Matters such as the replacement for Safe Harbor for those with US operations, whilst becoming clearer are still not exactly clear as day (see Hudson Harris’s neat recent summary here.) With so much confusion and difference of opinion, even amongst the supposed experts right now about what certain aspects and nuances will mean in practice, there is a risk that unnecessary costs may be incurred by organizations (especially those reactively investing in misguided or poorly advised control measures and consultancy).
Another risk is that although good security and data protection practice should in principle always align and complement one another; disproportionate emphasis, funding and resource may be placed on addressing perceived GDPR gaps to the detriment of other areas of an organization’s cyber defences.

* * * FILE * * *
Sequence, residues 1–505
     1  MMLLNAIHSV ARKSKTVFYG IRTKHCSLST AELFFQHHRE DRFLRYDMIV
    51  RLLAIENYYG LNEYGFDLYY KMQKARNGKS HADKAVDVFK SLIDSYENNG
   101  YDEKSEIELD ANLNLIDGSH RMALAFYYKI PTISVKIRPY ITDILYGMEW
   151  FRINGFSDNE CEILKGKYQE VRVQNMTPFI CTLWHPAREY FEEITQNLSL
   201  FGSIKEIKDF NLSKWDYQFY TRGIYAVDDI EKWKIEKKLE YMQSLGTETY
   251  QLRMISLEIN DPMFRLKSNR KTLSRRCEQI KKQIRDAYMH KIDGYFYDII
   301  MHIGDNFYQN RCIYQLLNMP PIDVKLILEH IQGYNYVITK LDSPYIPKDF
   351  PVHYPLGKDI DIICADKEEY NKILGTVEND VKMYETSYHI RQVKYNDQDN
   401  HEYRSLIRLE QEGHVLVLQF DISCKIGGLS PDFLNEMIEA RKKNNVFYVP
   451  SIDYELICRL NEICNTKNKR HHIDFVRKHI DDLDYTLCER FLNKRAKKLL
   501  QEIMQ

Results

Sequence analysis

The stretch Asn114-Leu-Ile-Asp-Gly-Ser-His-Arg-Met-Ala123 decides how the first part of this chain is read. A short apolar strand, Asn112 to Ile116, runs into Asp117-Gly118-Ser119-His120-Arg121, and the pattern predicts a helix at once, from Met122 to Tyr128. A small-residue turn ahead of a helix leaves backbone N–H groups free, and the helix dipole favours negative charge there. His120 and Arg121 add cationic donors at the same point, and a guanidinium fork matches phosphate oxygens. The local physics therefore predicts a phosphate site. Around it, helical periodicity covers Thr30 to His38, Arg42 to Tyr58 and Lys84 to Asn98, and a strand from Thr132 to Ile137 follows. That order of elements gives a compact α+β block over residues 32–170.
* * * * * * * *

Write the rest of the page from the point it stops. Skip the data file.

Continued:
According to a report by Ovum, in December 2015, 66% of the 366 Global IT companies they surveyed were apparently reviewing their business strategies in Europe as a direct result of GDPR. Rather more concerning still, over 50% did not believe they can meet all of the new requirements with 58% of US and and a staggering 62% of German respondents believing that their businesses will likely end up being fined.
Every great movie loves to keep its audience guessing until the very end and the ‘Mexican Standoff’ near the close of TGTB&TU is no exception. GDPR too kept its rather more captive audience in a certain sense of suspense.
Since its first proposal in 2012, there was much speculation and anxiety around the anticipated increase in the level of monetary penalties which authorities could award for data breaches. This element was finally clarified in December 2015 when a two-tier structure was announced, carrying with it maximum fines of up to €20 million or 4% of global annual turnover, whichever is the greater.